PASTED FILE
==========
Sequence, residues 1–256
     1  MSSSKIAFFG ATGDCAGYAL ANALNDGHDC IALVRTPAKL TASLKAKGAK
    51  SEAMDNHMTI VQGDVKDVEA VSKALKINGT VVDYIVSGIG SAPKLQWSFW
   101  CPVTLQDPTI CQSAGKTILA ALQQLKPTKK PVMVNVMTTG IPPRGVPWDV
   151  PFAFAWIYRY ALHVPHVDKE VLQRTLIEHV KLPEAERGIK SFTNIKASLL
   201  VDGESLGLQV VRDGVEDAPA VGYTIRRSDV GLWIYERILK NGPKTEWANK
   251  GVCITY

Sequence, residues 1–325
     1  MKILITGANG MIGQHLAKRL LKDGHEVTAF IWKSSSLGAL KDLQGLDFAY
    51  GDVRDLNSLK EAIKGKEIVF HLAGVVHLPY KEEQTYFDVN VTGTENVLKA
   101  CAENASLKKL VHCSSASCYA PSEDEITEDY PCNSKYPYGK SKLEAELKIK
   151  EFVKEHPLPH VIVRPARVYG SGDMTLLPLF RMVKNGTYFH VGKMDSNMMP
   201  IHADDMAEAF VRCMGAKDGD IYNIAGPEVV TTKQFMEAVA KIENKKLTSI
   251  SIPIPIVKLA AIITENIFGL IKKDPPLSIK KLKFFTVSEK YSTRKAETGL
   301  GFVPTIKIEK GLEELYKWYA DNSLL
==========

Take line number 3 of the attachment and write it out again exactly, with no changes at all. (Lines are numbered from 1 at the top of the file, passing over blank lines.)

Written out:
    51  SEAMDNHMTI VQGDVKDVEA VSKALKINGT VVDYIVSGIG SAPKLQWSFW